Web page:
ISIS are now calling themselves simply the Islamic State, under the self-styled Caliph Ibrahim (Abu Bakr al-Baghdadi), and they are part of the sharp end of reaction in the Middle East with their forces committing atrocities across Mesopotamia and the Levant. There will be some alarm but also bemusement from commentators in the West over the announcement of a restored caliphate but it represents both an opportunist power grab and the culmination of years of work. The recent declaration of loyalty by Jabhat al-Nusra to ISIS is but the first of many that Baghdadi expects to receive from Islamist fighters in the region though it is unlikely that the larger Islamist brigades in Syria will fall in under the banner of ISIS. It represents a substantial challenge to the US and its allies, Iran and its allies and also Al-Qaeda central who have been diminished by the way ISIS has fought in Syria, the blitzkrieg in Northern Iraq and now the announcement of a restored Caliphate stretching from Aleppo in Syria to Diyala in Iraq. The capital of the new state also sends a clear message and adds substantial legitimacy as Ar-Raqqah was the capital of Abbasid Caliph Harun al-Rashid.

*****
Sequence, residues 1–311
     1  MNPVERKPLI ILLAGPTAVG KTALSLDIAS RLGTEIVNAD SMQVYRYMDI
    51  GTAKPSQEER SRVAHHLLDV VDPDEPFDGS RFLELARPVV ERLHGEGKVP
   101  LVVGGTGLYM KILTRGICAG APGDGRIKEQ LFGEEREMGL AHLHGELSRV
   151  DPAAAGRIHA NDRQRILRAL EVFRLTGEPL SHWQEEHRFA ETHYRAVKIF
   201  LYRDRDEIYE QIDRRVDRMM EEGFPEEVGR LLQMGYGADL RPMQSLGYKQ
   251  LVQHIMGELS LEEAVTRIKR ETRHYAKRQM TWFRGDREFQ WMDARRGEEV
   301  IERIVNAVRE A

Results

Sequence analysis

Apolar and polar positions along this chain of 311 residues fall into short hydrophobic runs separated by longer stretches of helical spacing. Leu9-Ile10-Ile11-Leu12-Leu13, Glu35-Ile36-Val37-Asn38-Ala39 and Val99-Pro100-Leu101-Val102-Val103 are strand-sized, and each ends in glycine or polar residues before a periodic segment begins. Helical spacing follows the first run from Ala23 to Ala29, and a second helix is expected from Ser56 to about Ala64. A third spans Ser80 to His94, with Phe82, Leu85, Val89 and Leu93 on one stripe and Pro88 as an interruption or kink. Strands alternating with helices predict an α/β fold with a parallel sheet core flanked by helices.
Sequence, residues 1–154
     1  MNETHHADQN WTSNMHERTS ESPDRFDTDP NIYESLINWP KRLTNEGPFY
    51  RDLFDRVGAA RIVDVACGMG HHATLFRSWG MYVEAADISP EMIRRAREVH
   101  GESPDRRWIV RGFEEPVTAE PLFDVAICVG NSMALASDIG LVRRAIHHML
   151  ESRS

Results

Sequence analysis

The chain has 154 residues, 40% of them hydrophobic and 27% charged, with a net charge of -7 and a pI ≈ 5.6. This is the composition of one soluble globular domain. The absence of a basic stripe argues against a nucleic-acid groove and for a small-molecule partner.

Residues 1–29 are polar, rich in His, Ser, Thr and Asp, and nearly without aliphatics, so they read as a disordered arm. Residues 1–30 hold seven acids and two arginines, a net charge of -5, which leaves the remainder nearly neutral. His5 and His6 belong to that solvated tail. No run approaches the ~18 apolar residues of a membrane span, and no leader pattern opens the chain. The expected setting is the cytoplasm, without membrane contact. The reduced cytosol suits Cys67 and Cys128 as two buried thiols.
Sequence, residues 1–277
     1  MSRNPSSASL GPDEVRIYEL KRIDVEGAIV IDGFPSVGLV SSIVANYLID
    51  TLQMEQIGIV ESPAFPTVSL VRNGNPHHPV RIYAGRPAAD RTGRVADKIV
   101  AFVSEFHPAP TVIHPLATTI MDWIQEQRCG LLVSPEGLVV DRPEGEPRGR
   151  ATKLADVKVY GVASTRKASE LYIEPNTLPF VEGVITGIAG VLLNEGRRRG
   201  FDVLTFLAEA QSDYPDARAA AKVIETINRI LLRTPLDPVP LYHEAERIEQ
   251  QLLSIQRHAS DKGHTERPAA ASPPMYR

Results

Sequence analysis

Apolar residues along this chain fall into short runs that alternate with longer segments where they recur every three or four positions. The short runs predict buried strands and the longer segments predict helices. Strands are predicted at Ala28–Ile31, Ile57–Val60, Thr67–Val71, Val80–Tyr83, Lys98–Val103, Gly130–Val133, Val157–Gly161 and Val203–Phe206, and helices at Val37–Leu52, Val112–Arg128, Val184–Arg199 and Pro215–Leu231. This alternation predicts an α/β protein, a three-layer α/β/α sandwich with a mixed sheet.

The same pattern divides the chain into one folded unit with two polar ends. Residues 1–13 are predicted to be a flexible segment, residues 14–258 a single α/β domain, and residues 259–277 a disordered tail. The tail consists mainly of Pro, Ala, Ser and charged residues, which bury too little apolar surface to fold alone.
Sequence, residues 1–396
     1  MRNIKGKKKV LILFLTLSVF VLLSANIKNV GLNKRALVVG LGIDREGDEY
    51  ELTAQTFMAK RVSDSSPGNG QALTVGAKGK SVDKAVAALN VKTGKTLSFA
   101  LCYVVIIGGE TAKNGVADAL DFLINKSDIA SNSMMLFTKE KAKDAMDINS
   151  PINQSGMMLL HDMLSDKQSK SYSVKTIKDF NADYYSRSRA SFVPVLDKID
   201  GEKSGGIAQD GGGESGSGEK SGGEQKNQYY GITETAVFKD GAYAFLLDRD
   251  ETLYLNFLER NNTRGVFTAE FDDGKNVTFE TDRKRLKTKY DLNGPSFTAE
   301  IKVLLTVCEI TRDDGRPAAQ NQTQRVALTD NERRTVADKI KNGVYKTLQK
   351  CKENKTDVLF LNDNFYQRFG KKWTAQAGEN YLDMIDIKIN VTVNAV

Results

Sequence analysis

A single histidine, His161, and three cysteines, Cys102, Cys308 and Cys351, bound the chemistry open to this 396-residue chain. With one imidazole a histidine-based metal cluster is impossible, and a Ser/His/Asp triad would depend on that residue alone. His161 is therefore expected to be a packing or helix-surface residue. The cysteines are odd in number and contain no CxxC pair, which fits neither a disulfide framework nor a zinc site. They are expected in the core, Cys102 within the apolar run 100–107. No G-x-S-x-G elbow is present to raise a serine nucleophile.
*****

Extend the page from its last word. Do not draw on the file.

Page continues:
Amongst all of this the Iraqi working class and the poor are stuck between the hammer of imperialism and the anvil of reaction. All sides in the war are heading down a sectarian path of further separation and further bloodshed. As Iraq is further dismantled the possibility of a humane society blossoming from the post US occupation seems impossible and it will be incumbent on socialist and working class forces to aid where possible the secular and progressive forces in Iraq against imperialism, Islamist reaction and tyranny.

Perfidious America and the break-up of Iraq